WASHINGTON, DC—The revelations by The Washington Post about two big data analysis operations named PRISM and Blarney dropped like a bombshell on the Washington intelligence and security communities.
But I’d already heard about PRISM a day earlier and was trying to put it into context when the story broke. What’s surprising was that a few details emerged at a conference I was covering for eWEEK about cyber-security and big data.
There, people near me were discussing something called “PRISM” as the topic of how cyber-security experts look for patterns in event data. At the time, the discussion, while intriguing, wasn’t in context and I wasn’t having much luck in the few intervening hours learning more. Now I know why.
But if PRISM was such a huge secret, why was it being discussed openly in a public meeting room at the Willard Inter-Continental Hotel? Was it because it wasn’t as secret as the government says it was?
Leaving aside the wheels-within-wheels that characterize discussions in Washington, it’s clear that both PRISM and Blarney were important projects. PRISM, according to the story in The Washington Post, is responsible for a huge harvest of intelligence, and is reportedly responsible for disrupting at least one terrorist plot in the U.S.
Here’s what’s going on. Intelligence services in the U.S. have entered into agreements, backed up with court orders from the Foreign Intelligence Surveillance Court (FISC), with a variety of Internet companies to get access to their data. This court is so secret it never publishes its findings and only the U.S. government is authorized to appear before it.
While the companies deny they are cooperating, which is required by the court orders, the fact is that Microsoft, Yahoo, Google, Facebook, AOL, Skype, YouTube, Apple, PalTalk and probably many others are all accessible to National Security Agency (NSA) scrutiny. In cases where the companies know about the surveillance, they're required by the court orders not to reveal that information. But many of the companies may not be aware that their servers are being penetrated by the NSA through the use of equipment installed in their data centers to which the NSA can send commands.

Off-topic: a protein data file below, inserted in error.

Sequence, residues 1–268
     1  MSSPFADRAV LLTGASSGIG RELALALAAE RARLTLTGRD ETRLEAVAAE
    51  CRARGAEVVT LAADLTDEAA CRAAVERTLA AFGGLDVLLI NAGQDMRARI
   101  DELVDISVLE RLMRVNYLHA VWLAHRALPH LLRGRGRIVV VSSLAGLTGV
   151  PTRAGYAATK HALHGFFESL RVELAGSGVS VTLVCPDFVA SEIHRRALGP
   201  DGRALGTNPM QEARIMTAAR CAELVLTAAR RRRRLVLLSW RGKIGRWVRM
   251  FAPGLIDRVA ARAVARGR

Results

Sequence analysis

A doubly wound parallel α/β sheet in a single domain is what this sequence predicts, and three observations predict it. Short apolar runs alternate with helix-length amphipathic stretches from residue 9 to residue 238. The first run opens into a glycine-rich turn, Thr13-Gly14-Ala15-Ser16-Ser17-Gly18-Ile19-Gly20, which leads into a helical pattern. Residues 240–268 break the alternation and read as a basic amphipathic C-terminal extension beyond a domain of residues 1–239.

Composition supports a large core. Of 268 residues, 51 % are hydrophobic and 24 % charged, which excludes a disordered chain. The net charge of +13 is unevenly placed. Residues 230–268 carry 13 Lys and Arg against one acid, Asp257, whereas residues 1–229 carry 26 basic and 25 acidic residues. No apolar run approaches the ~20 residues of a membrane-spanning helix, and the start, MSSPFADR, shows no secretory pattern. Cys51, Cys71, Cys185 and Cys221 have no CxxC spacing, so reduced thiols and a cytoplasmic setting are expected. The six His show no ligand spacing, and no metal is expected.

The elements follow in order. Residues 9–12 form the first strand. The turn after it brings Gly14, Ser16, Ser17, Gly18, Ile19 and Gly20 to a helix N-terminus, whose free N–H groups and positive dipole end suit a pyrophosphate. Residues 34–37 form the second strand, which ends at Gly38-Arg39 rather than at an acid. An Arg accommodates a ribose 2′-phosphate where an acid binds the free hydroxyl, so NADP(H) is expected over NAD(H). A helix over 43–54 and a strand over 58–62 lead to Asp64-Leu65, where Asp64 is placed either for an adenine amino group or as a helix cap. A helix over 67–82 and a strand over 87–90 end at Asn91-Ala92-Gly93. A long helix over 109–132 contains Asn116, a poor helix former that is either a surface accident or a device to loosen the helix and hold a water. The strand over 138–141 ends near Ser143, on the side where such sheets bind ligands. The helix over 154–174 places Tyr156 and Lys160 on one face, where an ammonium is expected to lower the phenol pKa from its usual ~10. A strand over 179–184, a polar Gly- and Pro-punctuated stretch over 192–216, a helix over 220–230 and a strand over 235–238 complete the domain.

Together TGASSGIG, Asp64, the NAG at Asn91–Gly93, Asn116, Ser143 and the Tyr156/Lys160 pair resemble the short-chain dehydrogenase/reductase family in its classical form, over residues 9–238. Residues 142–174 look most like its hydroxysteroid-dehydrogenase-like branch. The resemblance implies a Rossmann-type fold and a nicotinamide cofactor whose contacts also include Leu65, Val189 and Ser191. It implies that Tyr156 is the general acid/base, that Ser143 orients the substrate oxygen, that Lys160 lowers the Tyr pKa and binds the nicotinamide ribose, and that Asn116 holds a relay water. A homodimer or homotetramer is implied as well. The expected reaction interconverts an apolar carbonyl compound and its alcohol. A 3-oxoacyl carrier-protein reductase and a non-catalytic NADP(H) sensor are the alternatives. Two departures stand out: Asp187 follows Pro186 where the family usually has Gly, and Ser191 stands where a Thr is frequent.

On all of these services, email is sampled as are other message types. Cloud storage is searched. So if you have documents on Google Drive, SkyDrive, iCloud or other items on the other services, you can assume that they’ve been searched for keywords. The NSA doesn’t exactly read your documents or email, but rather mines those for keywords in a vast big data dragnet. Depending on the keywords and the origin or destination of the email, or the context of the document or video, the information may be recorded.
In addition to this keyword search, the NSA is also sampling email traffic for metadata. This is similar to the telephone number search that’s being conducted with the sweep of call records.